Justice department spokeswoman has apparently never actually read the Espionage Act

This is a draft article, not finished yet. Bear with me. Some details might be wrong.

"Former NSA Official Says Mismanagement Continues" From the Washington Times July 2011, by Shaun Waterman

"Ms. Sweeney, the Justice spokeswoman, said: “The department has long valued the legitimate exposure of waste, fraud and abuse if it occurs while at the same time protecting the rule of law.

“There are laws prohibiting government employees who are entrusted with the nation’s most sensitive information from disclosing classified information to anyone not authorized to receive it.”"

Actually there aren't. In 1973 Edgar and Schmidt wrote an article in the Columbia Law Review pointing out exactly this. When Congress has tried to broaden the law, it usually dies in committee. Or the president vetos it. Or even if the president's veto is overridden, like President Truman during the Red Scare and the McCarran Internal Security Act, he writes a scathing rebuke, pointing out the importance of freedom of opinion, thought, and speech.

Jennifer Elsea of the Congressional Research Service has pointed out the lack of such a law as well in her 2011 report, available on the Federation of American Scientists' website. She uses the phrase 'patchwork' to describe how the laws work. There is no one 'blanket' law that outlaws all classified information disclosure. It depends on the person, the circumstance, and the nature of the information - and the entire Espionage Act (save for the almost never used Signals Intelligence portion, 18 USC 798) does not even use the phrase "classified information".

In court cases, judges have also pointed this out. Judge T.S. Ellis III pointed this out in the resentencing hearing of Larry Franklin in the AIPAC case in 2009. So have others. The Espionage Act refers to National Defense Information, which is a narrower category than classified information. Simply being 'classified' is not enough, in and of itself, to make giving out information illegal.

Why is it this way? Because Congress and the President leak all the time, going back to the founding of the nation. They love leaking, some even call it 'white propaganda'. It is how the officials communicate their side of the story to the public, which in turn leads to the public putting pressure on officials to (in theory) support the cause of the "leaker". This article is available on the Federation of American Scientist's website.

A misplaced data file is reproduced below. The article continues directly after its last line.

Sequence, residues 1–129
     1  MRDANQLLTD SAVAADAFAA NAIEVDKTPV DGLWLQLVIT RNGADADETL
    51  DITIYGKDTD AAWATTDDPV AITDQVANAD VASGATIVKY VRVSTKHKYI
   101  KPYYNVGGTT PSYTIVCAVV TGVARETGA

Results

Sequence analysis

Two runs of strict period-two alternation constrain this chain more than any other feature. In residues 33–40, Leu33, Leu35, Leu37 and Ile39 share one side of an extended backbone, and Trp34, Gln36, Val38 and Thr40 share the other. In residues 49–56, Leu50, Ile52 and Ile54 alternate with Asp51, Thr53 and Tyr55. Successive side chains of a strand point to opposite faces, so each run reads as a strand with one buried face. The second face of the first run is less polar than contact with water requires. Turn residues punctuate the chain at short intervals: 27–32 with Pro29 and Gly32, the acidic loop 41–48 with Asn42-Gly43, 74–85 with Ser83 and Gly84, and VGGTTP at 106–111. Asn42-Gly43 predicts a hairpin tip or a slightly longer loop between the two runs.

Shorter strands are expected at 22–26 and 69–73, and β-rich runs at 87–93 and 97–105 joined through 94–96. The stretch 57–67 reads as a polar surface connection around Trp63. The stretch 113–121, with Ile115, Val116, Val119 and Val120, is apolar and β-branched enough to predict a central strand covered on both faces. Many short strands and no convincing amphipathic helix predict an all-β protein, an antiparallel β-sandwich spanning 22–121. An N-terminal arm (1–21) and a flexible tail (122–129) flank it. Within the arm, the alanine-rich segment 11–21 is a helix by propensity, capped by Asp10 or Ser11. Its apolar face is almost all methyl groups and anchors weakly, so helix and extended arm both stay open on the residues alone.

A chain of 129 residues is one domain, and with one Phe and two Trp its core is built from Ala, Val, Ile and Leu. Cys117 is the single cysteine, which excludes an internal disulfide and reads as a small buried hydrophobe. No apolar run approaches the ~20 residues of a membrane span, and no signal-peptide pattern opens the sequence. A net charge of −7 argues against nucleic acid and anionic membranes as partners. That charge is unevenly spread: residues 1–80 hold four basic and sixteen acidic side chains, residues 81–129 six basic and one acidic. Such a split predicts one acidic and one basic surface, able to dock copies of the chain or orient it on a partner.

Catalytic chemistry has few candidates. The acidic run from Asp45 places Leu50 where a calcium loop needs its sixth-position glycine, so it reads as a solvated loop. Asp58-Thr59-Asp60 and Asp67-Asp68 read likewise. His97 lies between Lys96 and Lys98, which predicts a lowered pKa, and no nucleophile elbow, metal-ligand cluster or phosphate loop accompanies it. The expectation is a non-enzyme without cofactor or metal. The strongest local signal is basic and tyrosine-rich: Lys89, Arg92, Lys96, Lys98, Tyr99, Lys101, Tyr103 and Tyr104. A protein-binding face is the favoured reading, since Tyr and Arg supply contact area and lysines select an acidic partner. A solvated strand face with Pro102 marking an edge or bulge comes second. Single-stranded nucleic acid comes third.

And it probably never will be. Not only is there the problem of 'overclassification', with everything from party menus to innocuous and banal memos being set as "For Official Use Only". The real reason is that Congress and the Executive Branch themselves are the biggest leakers, and they are some of the biggest users of our free and independent press system.


how wikipedia articles are born

Jerry Pournelle did an interview (Click here for a link to the Interview) with Pajamas Media in which he implies the following.

The Space Shuttle Challenger blew up because the rocket motors were built in segments, so they could go through Utah's curvy railroad tracks, and that everyone knows you don't build rockets in segments. He implies that government corruption led the motors to be segmented, because certain political interests wanted them built in Utah.

Is this true? I don't know. A basic google finds various ranty websites and message board posts. How does their version of the story go? The Aerojet company wanted to build one-piece booster rockets, which couldn't have broken apart and killed the Astronauts, but instead Thiokol got the job because of senators from Utah, wanting to build it there, and bring jobs and money back home. Sort of like Pournelle's story. Is any of it true? I don't know. Here is an interesting book though.